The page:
Thursday, May 3, 2007

Scholarship to develop woodland craftsmanship

AN organic smallholder has won a £2,500 scholarship which will help him develop his hurdle making, hedge laying and woodland management skills

Simon Saggers (pictured, right), from Bassingbourn, near Royston, Cambridgeshire, will receive the Queen Elizabeth Scholarship from The Lord Chamberlain, Earl Peel, at the Royal Warrant Holders’ annual lunch in London in June.

With the award, Simon will be able to offer customers a traditional range of winter woodland services from his Guilden Gate smallholding.

The Queen Elizabeth Scholarship Trust (QEST) was endowed by the Royal Warrant Holders Association to advance education in modern and traditional crafts and trades in the UK.

Scholarships, open to men and women of all ages, are awarded twice a year.

Since 1991, the trust has made cash awards worth over £1million to 167 craftsmen and women to develop their skills. This spring, seven awards were made totalling £42,500.

Simon, 38, grew up in Bassingbourn, where his family have farmed since the 1600s. When his father retired, Simon set up the Guilden Gate smallholding on five acres of the farm.

“Since 1999 I have created a mixture of vegetable and herb fields, new hedges, an orchard, wildflower meadow, and coppice woodland,” he said.

“I have built greenhouses, soft fruit cages, multi-use barns and an environmentally-sensitive cottage.

“Our wind turbine and solar panel ensure we generate more energy on site than we consume. The holding is off mains water and sewerage, so bills are reduced.

“Generally we have been working to re-establish the type of smallholding that used to be a part of life in every village, but that has sadly all but disappeared in south Cambridgeshire.”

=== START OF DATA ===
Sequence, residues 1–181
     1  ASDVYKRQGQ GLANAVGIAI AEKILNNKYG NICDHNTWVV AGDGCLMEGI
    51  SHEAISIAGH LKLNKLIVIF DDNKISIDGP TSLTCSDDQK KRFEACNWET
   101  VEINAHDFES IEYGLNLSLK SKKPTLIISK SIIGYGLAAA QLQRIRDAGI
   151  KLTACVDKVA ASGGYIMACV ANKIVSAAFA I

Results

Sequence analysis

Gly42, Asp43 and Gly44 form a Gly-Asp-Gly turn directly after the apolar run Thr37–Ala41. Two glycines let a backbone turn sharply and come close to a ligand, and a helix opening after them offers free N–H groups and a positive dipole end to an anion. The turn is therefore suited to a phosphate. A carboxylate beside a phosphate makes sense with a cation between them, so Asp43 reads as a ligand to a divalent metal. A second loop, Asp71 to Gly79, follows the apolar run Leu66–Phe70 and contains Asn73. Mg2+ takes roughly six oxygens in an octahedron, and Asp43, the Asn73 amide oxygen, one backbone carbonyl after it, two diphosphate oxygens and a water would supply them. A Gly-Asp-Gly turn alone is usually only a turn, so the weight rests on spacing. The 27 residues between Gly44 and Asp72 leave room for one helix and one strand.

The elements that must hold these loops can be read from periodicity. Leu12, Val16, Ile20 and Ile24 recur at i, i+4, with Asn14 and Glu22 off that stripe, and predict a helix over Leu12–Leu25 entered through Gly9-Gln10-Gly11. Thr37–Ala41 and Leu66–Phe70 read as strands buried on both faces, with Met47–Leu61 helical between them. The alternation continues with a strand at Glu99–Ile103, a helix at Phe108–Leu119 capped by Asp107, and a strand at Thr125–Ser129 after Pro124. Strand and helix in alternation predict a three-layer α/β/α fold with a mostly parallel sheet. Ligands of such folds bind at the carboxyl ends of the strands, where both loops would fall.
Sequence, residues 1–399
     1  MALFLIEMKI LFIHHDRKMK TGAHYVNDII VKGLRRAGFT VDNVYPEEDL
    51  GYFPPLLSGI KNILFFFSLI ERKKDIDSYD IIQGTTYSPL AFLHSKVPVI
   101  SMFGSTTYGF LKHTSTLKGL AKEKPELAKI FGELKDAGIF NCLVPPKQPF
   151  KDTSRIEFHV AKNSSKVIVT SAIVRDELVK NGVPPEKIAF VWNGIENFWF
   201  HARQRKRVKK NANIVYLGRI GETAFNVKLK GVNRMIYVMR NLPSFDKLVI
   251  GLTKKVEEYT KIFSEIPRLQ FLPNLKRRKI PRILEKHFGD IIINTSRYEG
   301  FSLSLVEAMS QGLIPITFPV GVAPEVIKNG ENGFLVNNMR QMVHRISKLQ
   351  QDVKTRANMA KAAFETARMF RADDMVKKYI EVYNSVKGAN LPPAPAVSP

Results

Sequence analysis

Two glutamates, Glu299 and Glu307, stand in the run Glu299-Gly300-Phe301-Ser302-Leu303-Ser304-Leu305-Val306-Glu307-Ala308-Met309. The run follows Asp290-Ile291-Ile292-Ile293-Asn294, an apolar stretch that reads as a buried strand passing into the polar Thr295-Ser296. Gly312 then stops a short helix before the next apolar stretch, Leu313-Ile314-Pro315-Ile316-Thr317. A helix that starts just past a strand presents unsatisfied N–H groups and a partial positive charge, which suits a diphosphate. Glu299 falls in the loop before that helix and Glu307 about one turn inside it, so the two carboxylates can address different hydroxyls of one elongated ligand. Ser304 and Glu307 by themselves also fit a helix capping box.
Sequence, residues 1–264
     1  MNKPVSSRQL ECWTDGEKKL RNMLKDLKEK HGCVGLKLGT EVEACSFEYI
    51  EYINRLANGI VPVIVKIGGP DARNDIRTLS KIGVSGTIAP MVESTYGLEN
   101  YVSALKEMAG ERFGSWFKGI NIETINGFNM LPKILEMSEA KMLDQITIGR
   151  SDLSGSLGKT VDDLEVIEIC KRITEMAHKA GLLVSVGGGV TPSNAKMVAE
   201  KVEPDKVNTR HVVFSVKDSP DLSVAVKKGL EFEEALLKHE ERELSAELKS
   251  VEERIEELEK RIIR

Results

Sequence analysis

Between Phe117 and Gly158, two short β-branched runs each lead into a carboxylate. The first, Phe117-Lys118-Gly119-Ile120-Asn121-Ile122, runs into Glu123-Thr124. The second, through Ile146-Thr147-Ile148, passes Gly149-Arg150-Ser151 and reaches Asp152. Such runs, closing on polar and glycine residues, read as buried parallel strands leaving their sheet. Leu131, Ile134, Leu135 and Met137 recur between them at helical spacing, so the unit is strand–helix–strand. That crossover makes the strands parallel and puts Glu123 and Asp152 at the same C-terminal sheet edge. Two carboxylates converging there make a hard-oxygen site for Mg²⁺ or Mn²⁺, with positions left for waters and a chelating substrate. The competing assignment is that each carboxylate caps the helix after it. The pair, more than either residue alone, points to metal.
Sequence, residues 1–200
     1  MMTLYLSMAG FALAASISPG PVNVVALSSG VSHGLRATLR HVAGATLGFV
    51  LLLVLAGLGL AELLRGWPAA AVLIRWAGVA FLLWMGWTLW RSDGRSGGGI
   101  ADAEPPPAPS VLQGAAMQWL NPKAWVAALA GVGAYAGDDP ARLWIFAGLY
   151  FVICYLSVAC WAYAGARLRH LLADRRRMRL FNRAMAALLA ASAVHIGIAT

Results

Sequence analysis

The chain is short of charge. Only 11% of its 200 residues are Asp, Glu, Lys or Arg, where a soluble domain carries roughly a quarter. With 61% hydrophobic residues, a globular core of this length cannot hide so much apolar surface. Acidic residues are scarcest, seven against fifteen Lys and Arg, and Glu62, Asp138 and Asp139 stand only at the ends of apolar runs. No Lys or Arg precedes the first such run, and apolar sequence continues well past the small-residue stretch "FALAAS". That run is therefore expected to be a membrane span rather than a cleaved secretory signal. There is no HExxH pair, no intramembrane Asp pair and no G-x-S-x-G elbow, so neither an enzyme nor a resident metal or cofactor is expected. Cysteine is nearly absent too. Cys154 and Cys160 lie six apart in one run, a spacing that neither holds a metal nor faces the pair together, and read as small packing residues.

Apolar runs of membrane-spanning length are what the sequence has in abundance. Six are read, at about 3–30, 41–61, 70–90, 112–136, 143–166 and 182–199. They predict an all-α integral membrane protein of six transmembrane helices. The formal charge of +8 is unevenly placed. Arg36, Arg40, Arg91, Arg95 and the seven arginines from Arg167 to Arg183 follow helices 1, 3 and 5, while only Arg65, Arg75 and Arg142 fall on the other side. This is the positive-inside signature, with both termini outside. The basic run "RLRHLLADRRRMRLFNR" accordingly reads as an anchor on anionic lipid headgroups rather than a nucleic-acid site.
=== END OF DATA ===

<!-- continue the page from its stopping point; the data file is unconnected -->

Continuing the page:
Guilden Gate’s main business is producing a range of products for their popular vegetable box scheme. The farm produces fruit, vegetables, herbs, eggs, honey and woodland products, including willow hurdles.

“Each day is different and I have to try and be a horticulturalist, woodsman, retailer and marketer, landscape gardener, builder, plumber, food packer, electric and water services engineer all rolled into one,” he said.

Winning a QEST Scholarship means Simon can take courses to give him a grounding in the ancient craft of hurdle making and provide new winter skills to complement his ‘summer’ smallholding and horticultural skills. Hurdles are increasingly popular alternatives to mass-produced fencing and screening.

Also, after completing a basic chainsaw course, Simon will have three weeks ‘on the job’ hedge laying tuition with experts so he can embark on his own hedge-laying work.

He is convinced that interest in hedge-laying and hurdle-making will continue to grow.

He hopes to be able to explore other woodland management opportunities as Guilden Gate woodland matures.

QEST trustees look projects which contribute to the pool of talent in the UK and reflect the excellence of British craftsmanship as symbolised by the Royal Warrant of Appointment.

Application forms for scholarships (closing date for summer 2007 scholarships: June 8, 2007; for spring 2008 scholarships: January 18, 2008) may be obtained by sending an SAE (50p) to: The Secretary, The Queen Elizabeth Scholarship Trust, No.1 Buckingham Place, London SW1E 6HR. They can also be downloaded from www.qest.org.uk.

Source : http://www.farmersguardian.com

1 comments:

dazzling said...

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